The Catholic Church in Scotland wants a planned 20-person limit on congregations when churches can reopen for worship to be dropped.
Instead, they believe each church should be able to allow a congregation in relation to its size, while maintaining measures to limit the spread of coronavirus such as social distancing.
Churches and other places of worship have been closed to communal services since Scotland re-entered lockdown in January.
As part of the Scottish Government’s road map out of the lockdown revealed last week, First Minister Nicola Sturgeon announced plans to reopen communal worship in time for the Easter weekend and Passover on April 4.
Services will be limited to congregations of 20.
In a statement, the Catholic Bishops of Scotland welcomed the announcement but questioned the need for the 20-person cap.
They said: “The Catholic community recognises the seriousness of the pandemic and is committed to working with others to avoid the spreading of infection.
“At the same time, we anticipate ongoing dialogue with the Scottish Government regarding the requirement of a numerical cap on the number of worshippers.
“As we continue to observe social distancing and the protocols on infection control and hygiene formulated by the Bishops’ Conference working group under the leadership of the former Chief Medical Officer, Sir Harry Burns, we maintain that it would be more appropriate for each church building to accommodate a congregation in proportion to its size rather than on the basis of an imposed number.”
The Scottish Government’s updated strategic framework for moving out of lockdown states: “Places of worship play an important role in supporting communities and people of faith.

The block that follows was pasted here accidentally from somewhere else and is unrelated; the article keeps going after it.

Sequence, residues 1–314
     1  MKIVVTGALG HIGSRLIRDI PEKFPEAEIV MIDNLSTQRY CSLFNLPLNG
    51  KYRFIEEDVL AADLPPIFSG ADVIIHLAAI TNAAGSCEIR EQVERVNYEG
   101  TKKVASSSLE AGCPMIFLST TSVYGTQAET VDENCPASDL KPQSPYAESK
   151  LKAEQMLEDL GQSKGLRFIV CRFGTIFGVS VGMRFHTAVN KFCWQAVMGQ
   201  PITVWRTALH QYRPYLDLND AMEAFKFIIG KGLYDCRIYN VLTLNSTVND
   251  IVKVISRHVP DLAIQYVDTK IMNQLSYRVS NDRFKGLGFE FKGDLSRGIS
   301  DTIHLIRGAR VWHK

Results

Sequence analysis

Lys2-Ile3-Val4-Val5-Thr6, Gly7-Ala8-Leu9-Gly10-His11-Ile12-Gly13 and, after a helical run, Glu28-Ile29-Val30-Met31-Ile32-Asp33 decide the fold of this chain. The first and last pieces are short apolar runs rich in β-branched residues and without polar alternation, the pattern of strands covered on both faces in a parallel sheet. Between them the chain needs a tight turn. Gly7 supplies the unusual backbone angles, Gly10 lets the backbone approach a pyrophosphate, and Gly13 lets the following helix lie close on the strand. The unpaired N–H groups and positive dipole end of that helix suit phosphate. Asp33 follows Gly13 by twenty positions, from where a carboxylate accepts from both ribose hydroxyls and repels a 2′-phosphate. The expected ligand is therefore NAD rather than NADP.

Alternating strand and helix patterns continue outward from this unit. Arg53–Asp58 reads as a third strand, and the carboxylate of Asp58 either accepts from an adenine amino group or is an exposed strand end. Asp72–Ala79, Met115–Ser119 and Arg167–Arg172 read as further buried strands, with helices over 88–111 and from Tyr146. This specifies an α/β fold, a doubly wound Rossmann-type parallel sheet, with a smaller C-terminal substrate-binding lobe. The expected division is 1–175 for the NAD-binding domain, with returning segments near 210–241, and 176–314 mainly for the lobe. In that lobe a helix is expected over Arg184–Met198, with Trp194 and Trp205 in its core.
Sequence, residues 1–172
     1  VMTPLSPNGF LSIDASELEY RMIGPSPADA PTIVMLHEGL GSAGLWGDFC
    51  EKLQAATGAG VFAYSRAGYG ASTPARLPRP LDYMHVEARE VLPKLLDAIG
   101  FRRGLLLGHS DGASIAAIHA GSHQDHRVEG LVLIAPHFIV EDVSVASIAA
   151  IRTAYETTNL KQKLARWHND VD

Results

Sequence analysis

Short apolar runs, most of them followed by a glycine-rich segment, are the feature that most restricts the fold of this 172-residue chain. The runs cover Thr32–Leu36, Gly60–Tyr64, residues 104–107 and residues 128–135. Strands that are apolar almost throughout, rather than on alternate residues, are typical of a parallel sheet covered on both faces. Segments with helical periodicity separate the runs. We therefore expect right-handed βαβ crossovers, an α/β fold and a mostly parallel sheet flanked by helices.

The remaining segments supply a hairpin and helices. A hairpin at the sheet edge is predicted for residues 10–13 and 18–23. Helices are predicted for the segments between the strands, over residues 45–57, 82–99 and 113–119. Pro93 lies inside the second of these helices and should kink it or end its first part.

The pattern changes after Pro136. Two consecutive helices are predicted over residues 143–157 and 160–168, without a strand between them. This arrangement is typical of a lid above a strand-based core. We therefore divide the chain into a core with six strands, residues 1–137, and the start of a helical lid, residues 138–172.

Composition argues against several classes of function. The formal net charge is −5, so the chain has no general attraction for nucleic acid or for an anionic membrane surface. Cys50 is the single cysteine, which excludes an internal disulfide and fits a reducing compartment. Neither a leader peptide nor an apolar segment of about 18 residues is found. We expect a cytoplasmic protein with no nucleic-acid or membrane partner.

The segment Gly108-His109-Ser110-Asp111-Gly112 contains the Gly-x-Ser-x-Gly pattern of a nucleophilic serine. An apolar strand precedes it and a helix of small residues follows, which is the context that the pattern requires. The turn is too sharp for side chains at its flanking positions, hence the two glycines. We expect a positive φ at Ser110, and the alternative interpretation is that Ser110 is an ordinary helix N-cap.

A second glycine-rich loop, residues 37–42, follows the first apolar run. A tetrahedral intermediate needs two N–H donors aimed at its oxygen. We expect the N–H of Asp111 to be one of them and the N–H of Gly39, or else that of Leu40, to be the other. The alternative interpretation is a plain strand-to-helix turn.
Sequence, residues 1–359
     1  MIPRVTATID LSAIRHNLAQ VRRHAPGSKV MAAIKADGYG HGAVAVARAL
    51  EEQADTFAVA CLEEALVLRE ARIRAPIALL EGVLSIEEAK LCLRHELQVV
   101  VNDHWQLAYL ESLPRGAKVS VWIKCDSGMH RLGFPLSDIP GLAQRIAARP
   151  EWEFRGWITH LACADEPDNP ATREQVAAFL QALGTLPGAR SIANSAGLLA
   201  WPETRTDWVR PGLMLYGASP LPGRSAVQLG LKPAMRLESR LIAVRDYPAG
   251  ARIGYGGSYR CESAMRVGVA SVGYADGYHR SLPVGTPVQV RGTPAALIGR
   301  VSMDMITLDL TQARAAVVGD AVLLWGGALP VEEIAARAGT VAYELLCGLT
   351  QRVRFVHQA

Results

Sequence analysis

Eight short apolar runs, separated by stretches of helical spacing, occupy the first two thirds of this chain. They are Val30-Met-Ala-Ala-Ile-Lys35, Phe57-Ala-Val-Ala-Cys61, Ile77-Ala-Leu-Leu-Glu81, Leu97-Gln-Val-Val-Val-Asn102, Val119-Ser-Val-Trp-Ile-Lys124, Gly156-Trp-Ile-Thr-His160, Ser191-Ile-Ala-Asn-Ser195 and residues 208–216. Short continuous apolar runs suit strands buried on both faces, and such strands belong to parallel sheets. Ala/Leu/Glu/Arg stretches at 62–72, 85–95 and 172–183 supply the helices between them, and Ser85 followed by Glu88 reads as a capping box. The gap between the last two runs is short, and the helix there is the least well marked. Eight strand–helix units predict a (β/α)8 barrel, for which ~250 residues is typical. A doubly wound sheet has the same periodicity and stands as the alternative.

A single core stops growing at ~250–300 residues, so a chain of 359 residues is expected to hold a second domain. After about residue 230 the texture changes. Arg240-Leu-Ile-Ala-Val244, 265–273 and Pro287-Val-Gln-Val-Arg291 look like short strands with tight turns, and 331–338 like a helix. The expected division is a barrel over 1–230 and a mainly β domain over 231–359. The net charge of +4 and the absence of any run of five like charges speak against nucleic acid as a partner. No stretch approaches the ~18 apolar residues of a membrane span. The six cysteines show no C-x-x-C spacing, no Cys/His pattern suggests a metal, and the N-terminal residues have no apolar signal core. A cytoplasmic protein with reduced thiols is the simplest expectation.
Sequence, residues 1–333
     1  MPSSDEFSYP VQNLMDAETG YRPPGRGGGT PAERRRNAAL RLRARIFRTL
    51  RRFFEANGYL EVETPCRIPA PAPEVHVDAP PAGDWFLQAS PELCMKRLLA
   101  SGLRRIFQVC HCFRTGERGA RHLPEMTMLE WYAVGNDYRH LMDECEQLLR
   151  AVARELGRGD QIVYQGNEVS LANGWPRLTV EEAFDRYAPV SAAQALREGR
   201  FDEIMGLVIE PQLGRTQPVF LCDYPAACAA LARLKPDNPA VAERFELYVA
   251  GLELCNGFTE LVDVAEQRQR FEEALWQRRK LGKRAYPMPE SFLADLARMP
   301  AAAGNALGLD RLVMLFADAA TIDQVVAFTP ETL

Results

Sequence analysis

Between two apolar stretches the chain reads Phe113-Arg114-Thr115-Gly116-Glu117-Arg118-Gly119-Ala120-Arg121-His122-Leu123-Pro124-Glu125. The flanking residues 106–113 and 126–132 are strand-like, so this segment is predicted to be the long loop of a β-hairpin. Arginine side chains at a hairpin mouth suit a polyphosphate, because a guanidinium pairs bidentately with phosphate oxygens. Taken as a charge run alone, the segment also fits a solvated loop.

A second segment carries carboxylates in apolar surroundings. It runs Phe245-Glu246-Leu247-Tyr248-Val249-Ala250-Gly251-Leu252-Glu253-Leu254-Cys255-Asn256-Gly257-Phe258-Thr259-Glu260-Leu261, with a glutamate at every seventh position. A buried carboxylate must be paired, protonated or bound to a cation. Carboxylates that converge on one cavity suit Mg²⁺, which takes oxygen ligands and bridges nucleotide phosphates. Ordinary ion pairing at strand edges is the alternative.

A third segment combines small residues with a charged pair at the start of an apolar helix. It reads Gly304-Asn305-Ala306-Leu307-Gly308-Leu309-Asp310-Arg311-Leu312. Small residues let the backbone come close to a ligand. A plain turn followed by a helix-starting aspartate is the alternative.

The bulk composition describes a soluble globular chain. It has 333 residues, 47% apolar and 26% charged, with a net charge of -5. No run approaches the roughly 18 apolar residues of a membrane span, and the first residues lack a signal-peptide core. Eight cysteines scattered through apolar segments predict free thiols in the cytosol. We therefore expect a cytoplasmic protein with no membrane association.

“We recognise the importance of individual and group worship to many people’s spiritual health and general wellbeing.
“When it is safe to do so we will work with the faith community to re-open places of worship in Level 4 areas on the restricted-numbers basis that was allowed before January 8.”
A Scottish Government spokesman said: “We must take action across society to stop the virus spreading further, so we can protect public health and save lives.
“The virus transmits when people come together and therefore we have to reduce, as far as possible, the places where they do so.
“We understand and appreciate the significant role communal worship plays in supporting people’s mental and spiritual well-being, and its importance as a lifeline for many in preventing social isolation and loneliness.
“We do not want to keep these measures in place a minute longer than is necessary.
“We look forward to the continuing ongoing dialogue with Faith and Belief leaders to attempt to reach consensus as to how places of worship can best be reopened when the data indicates that it is the time to do so.
“We repeat our gratitude to the Faith and Belief communities for their support to us and their communities throughout this epidemic.”
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